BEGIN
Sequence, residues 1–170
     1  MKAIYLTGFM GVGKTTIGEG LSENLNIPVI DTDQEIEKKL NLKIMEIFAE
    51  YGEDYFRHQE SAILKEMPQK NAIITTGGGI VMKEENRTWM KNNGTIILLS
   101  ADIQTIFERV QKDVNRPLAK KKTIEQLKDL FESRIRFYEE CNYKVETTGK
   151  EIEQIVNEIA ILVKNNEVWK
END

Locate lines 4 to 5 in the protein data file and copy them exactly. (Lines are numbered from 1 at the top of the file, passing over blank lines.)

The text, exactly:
   101  ADIQTIFERV QKDVNRPLAK KKTIEQLKDL FESRIRFYEE CNYKVETTGK
   151  EIEQIVNEIA ILVKNNEVWK